Trump’s goal was to secure Mexico’s cooperation regarding the flow of migrants from Central America travelling to the US via Mexico. In response, the Mexican government immediately sent a senior delegation to Washington with promises of a profound crackdown, including the movement of troops to its own southern border.
Mexican exports to the US amount to 28% of Mexican GDP, with automakers representing the single largest component of that share.
Shares of General Motors rebounded sharply from their initial post-announcement dip, rallying from just north of $33/share to over $36 Wednesday; they closed Thursday at $35.19.
A Deutsche Bank report estimated that GM could take a $6.3 billion hit before interest and taxes if the 5% tariff, itself set to rise to 25% if Washington is not satisfied with the Mexican response, goes into effect.
The risk now is that markets may be too willing to bet on the Republican Party’s traditional free-trade orthodoxy carrying the day. Yesterday, Trump told Fox News that automakers “should be ashamed” of resisting his tariff plan, claiming that the Central American migrant inflow is a key national security issue.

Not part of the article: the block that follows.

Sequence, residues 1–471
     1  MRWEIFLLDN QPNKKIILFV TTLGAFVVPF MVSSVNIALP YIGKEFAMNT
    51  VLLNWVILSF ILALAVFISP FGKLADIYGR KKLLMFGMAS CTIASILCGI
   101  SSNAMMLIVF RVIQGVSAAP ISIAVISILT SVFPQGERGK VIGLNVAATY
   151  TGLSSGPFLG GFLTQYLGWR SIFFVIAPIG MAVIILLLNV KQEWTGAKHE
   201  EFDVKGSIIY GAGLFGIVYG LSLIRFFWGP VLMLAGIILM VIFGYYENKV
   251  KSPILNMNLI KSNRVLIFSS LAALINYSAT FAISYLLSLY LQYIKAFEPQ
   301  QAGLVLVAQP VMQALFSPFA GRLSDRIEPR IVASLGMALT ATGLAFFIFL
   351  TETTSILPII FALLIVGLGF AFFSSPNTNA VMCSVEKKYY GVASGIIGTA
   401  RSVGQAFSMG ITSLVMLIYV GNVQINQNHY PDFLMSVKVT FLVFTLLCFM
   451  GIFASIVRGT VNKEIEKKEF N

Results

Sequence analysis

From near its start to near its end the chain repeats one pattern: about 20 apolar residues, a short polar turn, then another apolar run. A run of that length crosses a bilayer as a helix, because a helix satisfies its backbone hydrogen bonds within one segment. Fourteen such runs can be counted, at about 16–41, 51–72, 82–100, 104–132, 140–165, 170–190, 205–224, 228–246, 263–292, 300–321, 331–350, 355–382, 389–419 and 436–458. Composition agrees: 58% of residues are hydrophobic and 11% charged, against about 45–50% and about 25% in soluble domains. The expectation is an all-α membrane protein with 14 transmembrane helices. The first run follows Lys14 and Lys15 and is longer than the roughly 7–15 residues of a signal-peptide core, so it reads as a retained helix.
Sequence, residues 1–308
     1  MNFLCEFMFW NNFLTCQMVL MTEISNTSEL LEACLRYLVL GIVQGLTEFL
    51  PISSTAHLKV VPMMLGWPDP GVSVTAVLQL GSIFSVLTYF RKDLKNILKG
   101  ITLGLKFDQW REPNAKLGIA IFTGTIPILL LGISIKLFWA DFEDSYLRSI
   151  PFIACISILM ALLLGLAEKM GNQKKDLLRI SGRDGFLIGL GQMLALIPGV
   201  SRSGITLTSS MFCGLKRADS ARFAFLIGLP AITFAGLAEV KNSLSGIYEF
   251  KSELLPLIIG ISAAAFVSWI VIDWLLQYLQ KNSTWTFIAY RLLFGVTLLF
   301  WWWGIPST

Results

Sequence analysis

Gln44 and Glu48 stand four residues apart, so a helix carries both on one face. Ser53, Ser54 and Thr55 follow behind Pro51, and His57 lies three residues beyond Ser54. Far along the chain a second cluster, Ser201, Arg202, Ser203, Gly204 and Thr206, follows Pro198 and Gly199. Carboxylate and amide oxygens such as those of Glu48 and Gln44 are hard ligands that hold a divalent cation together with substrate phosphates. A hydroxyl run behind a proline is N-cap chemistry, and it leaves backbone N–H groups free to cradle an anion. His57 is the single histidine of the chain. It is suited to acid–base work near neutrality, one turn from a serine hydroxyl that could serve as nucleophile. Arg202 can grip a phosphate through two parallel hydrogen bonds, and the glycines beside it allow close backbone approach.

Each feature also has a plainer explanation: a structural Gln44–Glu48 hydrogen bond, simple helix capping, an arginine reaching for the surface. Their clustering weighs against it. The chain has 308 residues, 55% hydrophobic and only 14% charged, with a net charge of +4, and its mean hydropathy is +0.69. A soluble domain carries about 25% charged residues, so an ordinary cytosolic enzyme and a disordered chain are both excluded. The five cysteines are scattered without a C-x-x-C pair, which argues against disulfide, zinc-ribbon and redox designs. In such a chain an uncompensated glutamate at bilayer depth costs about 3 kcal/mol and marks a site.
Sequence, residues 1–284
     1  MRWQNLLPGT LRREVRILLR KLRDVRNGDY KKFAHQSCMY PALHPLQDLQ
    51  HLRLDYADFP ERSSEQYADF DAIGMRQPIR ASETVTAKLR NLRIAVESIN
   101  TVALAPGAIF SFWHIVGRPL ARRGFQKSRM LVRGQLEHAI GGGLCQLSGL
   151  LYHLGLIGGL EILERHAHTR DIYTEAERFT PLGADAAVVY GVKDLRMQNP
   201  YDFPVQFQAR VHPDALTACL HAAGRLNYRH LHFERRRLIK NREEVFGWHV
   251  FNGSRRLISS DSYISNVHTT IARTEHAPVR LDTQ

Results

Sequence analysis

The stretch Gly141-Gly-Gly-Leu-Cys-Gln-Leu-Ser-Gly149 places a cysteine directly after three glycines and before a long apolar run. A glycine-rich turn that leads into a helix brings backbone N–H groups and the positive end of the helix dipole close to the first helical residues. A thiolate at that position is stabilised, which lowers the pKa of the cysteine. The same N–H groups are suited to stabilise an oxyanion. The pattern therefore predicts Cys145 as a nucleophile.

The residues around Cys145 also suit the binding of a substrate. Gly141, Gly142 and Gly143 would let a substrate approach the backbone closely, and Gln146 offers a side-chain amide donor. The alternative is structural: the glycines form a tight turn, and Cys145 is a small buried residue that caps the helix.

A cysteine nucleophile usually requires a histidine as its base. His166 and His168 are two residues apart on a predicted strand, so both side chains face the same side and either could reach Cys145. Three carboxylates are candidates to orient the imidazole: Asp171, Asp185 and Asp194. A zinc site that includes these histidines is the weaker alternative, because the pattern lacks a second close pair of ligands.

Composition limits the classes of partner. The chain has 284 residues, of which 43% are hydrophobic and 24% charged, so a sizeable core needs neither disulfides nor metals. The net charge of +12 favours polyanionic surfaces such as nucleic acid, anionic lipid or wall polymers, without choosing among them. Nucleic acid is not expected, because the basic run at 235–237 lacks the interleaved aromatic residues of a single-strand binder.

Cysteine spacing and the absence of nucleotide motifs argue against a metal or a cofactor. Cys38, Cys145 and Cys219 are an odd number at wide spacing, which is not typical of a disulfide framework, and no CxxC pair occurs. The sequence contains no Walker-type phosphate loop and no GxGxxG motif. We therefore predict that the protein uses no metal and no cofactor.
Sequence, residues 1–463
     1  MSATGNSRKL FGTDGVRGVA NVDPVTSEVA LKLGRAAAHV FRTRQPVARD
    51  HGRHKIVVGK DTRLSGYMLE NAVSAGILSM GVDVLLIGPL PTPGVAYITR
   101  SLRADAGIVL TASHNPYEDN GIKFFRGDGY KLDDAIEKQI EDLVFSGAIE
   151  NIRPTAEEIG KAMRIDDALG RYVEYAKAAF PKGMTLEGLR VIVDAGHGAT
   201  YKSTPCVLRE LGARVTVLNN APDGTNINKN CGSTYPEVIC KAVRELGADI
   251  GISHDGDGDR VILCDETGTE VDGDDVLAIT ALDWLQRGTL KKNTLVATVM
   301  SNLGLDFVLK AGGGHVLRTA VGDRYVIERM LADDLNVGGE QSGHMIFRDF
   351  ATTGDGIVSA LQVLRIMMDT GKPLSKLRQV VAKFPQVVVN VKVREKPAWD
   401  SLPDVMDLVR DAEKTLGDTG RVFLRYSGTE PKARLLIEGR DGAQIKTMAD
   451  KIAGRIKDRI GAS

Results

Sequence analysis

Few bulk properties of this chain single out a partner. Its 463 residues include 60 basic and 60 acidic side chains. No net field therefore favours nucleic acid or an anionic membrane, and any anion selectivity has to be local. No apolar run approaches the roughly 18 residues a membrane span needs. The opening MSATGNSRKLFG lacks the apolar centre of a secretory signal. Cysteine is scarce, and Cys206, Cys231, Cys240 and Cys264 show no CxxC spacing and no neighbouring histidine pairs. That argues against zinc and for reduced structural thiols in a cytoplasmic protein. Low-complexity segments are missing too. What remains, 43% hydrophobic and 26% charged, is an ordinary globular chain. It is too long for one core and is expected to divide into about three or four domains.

The situation remains risky and headline-driven for automotive sector investors, with shares of GM and other carmakers likely to re-test local lows on any sign that Trump means business.
GM shares, post-rebound, are nearing longer-term resistance just shy of $36 into Friday’s New York session.
Investors should be cautious of the steep headline risks as talks head into Monday; the GOP may be aghast at Trump’s latest deployment of protectionist measures, but the president is unlikely to welcome appearing as a paper tiger in the midst of the broader trade conflict with China.
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